- used when damaged
Purchase balls appropriate for their intended or potential use
- exercise-only balls should have a dynamic rating of at least 300 pounds, possibly more, to provide an adequate safety margin for all potential users
- extreme-exercise balls should have a dynamic rating of at least 500 pounds because of the additional stress generated by many exercise routines
- weight-training balls should have dynamic ratings in excess of 1,100 pounds – the higher the better – typical cost of such a ball is consistently in the $150 range
- Purchase balls with adequate texture – slick surfaces combined with sweat (a desired result of exercise) vastly increase the opportunity for people to fall from their ball and get injured
- Permanently mark the acquisition date of each ball and diligently retire them based on manufacturers guidelines (the Sanford Sharpie will not cause ball degradation – others may be safe as well)
- Implement a weekly inspection and cleaning program – thoroughly clean all balls and remove any that show signs of damage or fatigue
- Implement a protocol that matches the balls with the appropriate use and facility area
- you cannot tell a ball’s strength by its color even if all are from a single manufacturer
- develop a fail-safe means of ensuring that balls are not used improperly – clearly mark the balls for weight, possibly for area and use
- once the balls are marked, ensure that each ball’s usage matches its strength rating and that each is stored in its proper area
- Do not allow balls to be used in proximity to treadmills or other motion equipment – round things roll and these balls have caused some bizarre accidents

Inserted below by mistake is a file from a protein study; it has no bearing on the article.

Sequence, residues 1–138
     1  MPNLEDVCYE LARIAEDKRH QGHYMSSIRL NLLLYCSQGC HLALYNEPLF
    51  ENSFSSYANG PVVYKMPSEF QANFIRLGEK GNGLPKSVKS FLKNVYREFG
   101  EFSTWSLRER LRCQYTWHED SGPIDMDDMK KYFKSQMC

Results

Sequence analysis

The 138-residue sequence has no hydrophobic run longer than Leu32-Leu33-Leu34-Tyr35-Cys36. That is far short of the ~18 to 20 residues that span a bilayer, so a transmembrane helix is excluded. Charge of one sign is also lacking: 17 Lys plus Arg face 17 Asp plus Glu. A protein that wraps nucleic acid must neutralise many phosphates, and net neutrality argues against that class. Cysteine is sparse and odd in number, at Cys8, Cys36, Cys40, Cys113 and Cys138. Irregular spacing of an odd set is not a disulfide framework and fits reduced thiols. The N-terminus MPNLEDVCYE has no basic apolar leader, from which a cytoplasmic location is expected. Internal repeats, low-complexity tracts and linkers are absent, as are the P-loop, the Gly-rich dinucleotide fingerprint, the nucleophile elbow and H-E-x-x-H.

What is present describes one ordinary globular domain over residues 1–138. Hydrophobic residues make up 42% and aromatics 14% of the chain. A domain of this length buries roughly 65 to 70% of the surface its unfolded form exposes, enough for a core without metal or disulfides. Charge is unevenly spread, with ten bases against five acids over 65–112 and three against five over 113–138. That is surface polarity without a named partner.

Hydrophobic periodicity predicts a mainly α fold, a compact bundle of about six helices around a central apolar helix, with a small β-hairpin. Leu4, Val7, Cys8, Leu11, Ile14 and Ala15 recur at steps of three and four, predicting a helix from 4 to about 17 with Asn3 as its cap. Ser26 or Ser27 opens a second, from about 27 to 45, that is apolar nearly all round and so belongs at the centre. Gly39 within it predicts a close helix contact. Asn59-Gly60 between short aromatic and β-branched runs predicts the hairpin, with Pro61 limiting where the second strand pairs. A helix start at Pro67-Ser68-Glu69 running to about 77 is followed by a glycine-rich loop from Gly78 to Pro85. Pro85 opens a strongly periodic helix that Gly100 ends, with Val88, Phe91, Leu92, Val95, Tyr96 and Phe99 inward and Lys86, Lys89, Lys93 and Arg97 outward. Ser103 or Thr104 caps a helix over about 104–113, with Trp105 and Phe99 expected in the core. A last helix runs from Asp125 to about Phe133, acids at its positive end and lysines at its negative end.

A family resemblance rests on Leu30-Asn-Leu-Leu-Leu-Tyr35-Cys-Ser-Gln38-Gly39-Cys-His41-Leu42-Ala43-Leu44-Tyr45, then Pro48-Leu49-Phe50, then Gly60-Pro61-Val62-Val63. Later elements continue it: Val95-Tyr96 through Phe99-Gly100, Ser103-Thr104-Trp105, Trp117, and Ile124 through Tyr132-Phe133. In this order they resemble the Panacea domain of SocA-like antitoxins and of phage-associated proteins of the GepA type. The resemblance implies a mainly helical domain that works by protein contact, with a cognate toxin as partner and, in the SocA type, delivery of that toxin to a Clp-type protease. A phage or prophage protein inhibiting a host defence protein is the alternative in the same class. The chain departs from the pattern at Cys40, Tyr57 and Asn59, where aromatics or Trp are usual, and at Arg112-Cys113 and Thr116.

- Store the balls where they are not subject to damage or accidental release
- Provide user orientation; include discussions of
- locations for use (i.e. on a soft surface like a mat, away from foot traffic and user’s body size versus ball diameter (see adjacent table)
- ball’s dynamic rating versus the type of use intended
- appropriate exercises for the individual and for the respective exercise ball
- appropriate motion equipment, etc.
- Preferably, do not allow exercise balls to be used for weight training because
- the lack of a stable surface beneath the person increases the chance of muscle strain or other injury
- the lack of spotter and stand for barbells also increases the chance of serious injury
- if you choose to allow exercise balls to be used with weight training, at least
- require users to receive specific training
- limit maximum dumbbell and barbell weights
- require spotters for all barbell use
- restrict use to areas where user error or equipment failure will not injure others
- ensure that only appropriately rated balls are used for such activities
Exercise balls are a very popular exercise tool. However, improper use can injure your people. Protect them by only buying quality, always marking capacity and acquisition date, consistently training users, and faithfully monitoring use and condition.
|4'8" to 5'5"
|5'5" to 6'0"
|6'0" to 6'5"
Please call us at 800-463-8546 to discuss this or any other risk management safety tip, or visit our web site at www.redwoodsgroup.com to learn more about YMCA risk management issues.